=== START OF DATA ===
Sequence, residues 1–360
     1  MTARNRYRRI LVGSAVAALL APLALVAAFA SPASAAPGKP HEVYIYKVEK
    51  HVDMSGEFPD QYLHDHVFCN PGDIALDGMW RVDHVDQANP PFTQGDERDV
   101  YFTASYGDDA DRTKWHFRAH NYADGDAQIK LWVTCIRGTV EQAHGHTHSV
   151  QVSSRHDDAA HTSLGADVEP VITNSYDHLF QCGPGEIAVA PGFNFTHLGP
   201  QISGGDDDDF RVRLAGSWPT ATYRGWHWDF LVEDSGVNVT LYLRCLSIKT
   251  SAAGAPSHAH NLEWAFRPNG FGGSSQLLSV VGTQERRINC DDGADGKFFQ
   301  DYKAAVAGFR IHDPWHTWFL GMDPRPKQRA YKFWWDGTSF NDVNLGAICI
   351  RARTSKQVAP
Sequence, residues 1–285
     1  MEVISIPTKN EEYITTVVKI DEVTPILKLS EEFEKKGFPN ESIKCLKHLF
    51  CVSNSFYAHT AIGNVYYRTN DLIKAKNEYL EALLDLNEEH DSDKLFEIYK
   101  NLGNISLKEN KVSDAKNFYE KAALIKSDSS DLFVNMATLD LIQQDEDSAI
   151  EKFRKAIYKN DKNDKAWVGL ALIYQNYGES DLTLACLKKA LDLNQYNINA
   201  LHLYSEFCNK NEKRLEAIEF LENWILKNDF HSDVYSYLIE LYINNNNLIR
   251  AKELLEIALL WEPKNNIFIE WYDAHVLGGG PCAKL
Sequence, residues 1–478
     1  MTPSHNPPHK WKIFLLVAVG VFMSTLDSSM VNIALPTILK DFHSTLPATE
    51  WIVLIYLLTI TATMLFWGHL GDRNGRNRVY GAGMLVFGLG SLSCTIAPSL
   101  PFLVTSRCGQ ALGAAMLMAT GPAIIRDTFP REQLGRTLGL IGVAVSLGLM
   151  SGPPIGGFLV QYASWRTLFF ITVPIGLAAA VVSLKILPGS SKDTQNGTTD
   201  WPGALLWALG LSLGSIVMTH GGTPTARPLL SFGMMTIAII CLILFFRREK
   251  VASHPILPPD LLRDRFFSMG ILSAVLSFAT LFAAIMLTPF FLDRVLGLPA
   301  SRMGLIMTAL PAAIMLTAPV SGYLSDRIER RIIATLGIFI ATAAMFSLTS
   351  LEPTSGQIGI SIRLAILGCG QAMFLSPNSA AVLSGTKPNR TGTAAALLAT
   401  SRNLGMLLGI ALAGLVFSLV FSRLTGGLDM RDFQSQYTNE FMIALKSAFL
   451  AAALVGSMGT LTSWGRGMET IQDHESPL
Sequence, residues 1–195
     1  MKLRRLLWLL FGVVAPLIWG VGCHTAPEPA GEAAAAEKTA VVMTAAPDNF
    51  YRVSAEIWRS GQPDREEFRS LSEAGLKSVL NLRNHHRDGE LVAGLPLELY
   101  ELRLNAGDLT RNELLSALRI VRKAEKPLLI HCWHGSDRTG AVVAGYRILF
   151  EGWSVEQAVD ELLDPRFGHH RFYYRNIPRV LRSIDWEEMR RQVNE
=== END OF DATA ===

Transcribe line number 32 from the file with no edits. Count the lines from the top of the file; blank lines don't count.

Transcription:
   151  EGWSVEQAVD ELLDPRFGHH RFYYRNIPRV LRSIDWEEMR RQVNE